NASA and JPL-Caltech are creating Martian "dogs" that can maneuver like the iconic wheeled
Traditional rovers are mostly limited toflat surfaces, but many scientifically interesting regions of Mars are reachable only on very rugged terrain or by going underground. Walking robotic dogs are well suited for such tasks - even if they fall, they can get up again.
Mars Dog will also be about 12 times lightermodern rovers and will be able to travel much faster, reaching a normal speed of 5 km / h during tests. At the same time, the Curiosity rover moves along the surface of Mars at a speed of about 0.14 km / h.
According to NASA, caves on Mars could becomea haven for future human colonies, providing natural protection against deadly ultraviolet radiation, extreme cold, and violent dust storms that can last for weeks and are sometimes large enough to be seen through telescopes on Earth. Caves can also serve as a source of evidence for the existence of life from the distant past of Mars, or even serve as home to organisms that live deep underground. Robots on legs that can walk around rocks, descend into caves and choose a path, as well as collect measurements and build a map of what they "see".
Autonomous robot Mars, dubbedThe Au-Spot is a modified version of the Spot, a four-legged mechanical explorer created by the robotics company Boston Dynamics. More than 60 scientists and engineers on the Collaborative SubTerintage Autonomous Resilient Robots (CoSTAR) team have equipped the Au-Spot with networked sensors and software to help it scan, navigate and map its environment safely and autonomously.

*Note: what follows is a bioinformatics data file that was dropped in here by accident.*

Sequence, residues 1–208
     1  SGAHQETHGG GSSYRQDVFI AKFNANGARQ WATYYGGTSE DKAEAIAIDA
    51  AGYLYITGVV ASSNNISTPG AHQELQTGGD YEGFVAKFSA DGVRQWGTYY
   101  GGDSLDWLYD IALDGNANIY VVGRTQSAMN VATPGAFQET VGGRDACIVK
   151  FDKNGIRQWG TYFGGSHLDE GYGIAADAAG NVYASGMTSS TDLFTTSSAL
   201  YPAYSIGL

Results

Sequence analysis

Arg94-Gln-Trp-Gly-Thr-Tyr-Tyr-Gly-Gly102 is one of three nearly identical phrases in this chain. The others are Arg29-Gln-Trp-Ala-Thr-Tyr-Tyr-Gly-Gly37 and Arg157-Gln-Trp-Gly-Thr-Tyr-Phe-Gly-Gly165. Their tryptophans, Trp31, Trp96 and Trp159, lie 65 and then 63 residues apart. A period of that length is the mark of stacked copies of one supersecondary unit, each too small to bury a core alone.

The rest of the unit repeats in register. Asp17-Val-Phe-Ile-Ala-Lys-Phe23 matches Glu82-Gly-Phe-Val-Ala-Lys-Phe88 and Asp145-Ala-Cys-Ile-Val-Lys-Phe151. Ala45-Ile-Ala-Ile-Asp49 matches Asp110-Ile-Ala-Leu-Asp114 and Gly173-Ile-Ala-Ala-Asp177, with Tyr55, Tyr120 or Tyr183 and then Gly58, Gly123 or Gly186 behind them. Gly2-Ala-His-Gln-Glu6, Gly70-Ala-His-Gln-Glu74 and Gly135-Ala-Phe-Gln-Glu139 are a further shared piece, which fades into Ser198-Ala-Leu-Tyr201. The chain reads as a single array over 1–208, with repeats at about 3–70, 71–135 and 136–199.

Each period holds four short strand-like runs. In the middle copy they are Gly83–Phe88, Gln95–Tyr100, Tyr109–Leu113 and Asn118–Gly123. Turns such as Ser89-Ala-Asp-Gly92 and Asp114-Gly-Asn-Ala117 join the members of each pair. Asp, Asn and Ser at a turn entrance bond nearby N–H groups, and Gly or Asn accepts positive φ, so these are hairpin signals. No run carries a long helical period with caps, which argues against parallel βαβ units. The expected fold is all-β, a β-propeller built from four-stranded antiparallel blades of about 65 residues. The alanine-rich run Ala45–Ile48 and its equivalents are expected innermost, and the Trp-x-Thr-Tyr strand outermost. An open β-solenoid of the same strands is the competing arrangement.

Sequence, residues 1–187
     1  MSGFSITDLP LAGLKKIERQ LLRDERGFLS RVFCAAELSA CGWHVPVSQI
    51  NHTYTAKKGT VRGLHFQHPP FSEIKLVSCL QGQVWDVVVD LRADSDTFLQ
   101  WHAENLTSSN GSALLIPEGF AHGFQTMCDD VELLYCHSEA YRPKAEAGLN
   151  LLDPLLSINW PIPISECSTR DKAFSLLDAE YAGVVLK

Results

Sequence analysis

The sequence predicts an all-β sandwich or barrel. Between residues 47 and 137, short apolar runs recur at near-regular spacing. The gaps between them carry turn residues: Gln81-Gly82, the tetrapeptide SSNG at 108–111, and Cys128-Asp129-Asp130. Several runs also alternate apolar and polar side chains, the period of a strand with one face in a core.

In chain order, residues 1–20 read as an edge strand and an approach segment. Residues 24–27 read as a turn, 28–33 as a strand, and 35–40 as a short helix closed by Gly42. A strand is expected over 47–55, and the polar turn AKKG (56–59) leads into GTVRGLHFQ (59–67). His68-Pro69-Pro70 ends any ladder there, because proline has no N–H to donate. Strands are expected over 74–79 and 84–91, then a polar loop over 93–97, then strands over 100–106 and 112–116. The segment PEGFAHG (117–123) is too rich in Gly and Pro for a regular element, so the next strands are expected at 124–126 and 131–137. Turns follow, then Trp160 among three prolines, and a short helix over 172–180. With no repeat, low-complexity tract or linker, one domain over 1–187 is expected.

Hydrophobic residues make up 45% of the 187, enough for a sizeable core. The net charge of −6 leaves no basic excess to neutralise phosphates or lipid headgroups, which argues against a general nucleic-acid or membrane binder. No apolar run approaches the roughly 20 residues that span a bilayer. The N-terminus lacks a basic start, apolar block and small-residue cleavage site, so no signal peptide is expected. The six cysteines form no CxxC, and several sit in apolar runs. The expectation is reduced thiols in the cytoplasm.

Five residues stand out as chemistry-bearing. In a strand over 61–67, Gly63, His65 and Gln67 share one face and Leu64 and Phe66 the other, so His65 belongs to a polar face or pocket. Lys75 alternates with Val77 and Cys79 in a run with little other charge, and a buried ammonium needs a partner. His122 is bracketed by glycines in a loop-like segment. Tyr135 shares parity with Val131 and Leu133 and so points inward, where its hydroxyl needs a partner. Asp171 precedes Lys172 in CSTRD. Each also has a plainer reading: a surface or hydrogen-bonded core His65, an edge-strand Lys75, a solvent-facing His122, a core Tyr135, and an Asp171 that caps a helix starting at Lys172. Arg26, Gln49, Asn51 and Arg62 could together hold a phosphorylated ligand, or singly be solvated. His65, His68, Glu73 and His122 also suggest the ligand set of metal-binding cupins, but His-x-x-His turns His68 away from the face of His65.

Au-Spot processes input from lidars(remote sensing using laser pulses), visual, thermal and motion sensors to create 3D maps. Mars Dog also uses AI to learn which structures to avoid and identify objects that may be of scientific interest, while the communications module allows the robot to transmit data to the surface while it explores underground.
CoSTAR team members are testing Au-Spot ondifferent obstacle courses, overcoming difficulties in tunnels and corridors; up stairs and ramps; and outdoors, simulating Martian landscapes, such as in lava tubes in Northern California. These demos show that untethered robots can navigate boulders and map deep caves.
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